As a junior, Martinez was the first American student to study at a Chinese Police Academy. This summer, he was the first to serve in a security internship for the Houston Texans, an opportunity which was secured and monitored by field visits through the College of Criminal Justice Internship Office.
Martinez was with the Texans during Training Camp, escorting players on and off the field; monitoring fans, the media and guests during practices; and doing curfew checks of players at the end of the night. He even served in player engagement, which helps team members and their families get necessary resources off the field.
“They make you feel like you are a part of the team,” said Martinez. “The Texans are one of the best places to work in Houston.”
Martinez stands with Texans Security Manager Khalil Reed on the field.During the paid internship, Martinez worked 80 hours a week and stayed at the hotel with the players and staff. His day began at 5:45 a.m. getting the players on the practice field, escorting them through hordes of fans waiting to catch a glimpse of their favorites. Some practices were open to the public, but others were restricted to guests and the media. His night ended at 10 p.m. after bed checks of all the players in their hotel rooms.
“The main objective of Ethan’s internship was to learn as much as possible about team security for the Houston Texans and the National Football League,” said Khalil Reed, Player Engagement/Security Manager for the Houston Texans. “Ethan asked plenty of questions, provided his own input from past experiences and came to work every day with the workman’s attitude of assisting the team security department.”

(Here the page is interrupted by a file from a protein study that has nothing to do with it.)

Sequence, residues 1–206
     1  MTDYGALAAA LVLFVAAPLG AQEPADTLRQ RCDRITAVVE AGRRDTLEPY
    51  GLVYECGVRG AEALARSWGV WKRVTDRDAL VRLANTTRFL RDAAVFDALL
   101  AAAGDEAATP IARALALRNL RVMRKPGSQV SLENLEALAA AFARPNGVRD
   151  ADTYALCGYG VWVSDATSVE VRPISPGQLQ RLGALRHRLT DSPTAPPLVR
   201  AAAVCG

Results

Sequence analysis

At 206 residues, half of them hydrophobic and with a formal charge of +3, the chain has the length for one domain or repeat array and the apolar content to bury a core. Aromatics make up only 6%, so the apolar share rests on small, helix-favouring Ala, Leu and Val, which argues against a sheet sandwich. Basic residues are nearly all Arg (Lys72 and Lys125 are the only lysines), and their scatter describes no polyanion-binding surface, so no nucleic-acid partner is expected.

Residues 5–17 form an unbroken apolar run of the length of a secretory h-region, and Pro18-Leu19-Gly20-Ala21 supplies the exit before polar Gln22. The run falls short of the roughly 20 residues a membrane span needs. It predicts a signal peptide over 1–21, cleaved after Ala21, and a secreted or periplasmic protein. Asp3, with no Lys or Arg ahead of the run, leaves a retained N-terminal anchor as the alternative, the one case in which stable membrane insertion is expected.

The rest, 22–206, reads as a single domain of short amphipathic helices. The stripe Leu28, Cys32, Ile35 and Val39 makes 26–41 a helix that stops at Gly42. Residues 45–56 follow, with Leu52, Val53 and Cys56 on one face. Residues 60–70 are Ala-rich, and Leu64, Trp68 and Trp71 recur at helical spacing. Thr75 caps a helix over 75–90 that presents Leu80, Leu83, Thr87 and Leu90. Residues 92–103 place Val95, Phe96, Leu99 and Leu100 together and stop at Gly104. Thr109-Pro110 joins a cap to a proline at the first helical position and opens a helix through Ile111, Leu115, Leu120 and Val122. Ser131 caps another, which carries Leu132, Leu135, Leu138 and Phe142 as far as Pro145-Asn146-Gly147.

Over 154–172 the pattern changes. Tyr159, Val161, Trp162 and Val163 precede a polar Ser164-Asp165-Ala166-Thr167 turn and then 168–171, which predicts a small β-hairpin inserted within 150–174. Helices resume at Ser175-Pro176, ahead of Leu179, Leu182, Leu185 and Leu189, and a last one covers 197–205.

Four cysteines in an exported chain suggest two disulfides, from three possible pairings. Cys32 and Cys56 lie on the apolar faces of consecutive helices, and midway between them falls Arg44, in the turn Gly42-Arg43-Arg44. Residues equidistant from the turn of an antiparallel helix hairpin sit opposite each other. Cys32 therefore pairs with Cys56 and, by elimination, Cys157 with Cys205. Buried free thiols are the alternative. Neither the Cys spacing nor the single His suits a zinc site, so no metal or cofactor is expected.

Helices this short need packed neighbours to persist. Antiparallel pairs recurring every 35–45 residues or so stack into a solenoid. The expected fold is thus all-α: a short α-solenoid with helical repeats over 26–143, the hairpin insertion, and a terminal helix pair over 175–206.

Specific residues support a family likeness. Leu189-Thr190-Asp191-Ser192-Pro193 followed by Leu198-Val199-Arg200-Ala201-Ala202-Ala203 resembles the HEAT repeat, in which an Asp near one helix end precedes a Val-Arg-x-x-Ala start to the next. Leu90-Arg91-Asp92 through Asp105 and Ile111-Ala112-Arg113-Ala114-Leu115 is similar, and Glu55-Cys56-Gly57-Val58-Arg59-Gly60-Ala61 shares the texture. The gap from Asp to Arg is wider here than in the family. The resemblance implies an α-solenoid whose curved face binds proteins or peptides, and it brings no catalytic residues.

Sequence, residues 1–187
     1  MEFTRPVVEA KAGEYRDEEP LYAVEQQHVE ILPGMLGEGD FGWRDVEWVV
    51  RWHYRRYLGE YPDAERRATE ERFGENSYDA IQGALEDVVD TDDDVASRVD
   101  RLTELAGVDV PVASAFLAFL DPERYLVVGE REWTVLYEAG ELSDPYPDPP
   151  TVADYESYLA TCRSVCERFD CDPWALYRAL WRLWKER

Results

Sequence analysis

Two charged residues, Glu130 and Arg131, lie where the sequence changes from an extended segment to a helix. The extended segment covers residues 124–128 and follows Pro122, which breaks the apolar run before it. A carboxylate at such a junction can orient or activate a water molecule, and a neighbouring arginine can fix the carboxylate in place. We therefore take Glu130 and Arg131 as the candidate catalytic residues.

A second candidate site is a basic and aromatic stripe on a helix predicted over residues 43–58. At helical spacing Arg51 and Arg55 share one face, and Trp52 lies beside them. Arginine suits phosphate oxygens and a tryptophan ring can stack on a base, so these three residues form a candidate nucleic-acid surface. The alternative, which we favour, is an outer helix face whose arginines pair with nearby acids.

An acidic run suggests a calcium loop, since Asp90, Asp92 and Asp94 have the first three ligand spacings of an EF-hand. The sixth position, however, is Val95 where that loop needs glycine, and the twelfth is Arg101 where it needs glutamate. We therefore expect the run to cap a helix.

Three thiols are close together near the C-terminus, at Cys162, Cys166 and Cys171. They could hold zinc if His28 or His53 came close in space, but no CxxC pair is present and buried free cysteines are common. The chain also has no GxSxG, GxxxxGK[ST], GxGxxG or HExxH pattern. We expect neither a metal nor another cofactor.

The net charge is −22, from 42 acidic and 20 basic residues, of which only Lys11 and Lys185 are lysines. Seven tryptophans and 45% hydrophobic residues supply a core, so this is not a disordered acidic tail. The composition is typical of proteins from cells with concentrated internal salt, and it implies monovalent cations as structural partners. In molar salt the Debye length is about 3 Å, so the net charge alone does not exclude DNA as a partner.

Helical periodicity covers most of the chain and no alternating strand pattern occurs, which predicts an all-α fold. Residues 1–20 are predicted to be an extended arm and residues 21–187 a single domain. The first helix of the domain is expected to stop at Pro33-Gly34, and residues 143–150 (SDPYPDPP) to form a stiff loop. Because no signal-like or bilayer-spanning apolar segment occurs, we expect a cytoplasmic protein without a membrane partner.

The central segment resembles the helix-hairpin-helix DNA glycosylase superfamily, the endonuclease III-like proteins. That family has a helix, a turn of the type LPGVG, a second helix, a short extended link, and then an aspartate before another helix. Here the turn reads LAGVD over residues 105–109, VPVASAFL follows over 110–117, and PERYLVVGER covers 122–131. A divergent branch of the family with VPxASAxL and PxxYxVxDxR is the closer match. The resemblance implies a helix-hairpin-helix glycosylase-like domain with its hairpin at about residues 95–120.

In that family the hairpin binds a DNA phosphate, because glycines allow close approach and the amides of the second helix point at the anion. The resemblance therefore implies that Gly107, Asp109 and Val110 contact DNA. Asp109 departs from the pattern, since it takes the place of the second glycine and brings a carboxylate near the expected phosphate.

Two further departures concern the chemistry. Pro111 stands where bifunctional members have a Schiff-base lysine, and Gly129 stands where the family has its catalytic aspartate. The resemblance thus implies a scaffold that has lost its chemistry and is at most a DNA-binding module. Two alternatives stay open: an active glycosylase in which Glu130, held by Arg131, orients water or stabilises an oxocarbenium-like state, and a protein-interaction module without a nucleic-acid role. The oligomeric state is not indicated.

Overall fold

Martinez always had to keep a watchful eye on the crowd, and several times he had to escort individuals away from the field, like the fan that appeared suddenly at a closed practice, snapping pictures with his cell phone. Even after escorting him outside of the Methodist Training Facilities, the fan continued to find openings and persisted. It was only after backup arrived that the fan left.
Martinez also had to monitor the media during practice. While media are invited to watch, videotaping during practice is strictly prohibited. Finally, Martinez was assigned to escort Coach Gary Kubiak’s guests during practice, often joining them for team lunches in the Texans cafeteria.
Martinez stands outside Reliant Stadium.“You have to make sure the fence lines are secure because some people try and breach them,” said Martinez. “When you are doing security, it is about surveillance and structure. We have security cameras for ‘just in case’ purposes. All measures are in place to make sure we are ready for not if it happens, but when it happens. You never know when you will deal with fanatical fans or people who want to steal.”
As part of his job, Martinez had to memorize all 110 players and coaches invited to training camp, a number that eventually was whittled down to 53. It was his job to escort players to and from the meetings where they learned their fates with the team.
“Ethan demonstrated the ability to fit in and work with all different type personalities to accomplish tasks and assignments,” said Reed. “I believe this internship opened Ethan’s eyes to another avenue in the criminal justice field, and he’s gained valuable experience that would make him an attractive asset for any organization.”
While Martinez remains in awe of the Texans, the best part of the job was the connections he made for future employment. He got to work with several different law enforcement agencies and former federal agents, including private stadium security, Houston police officers working second jobs with the team, and NFL security representatives.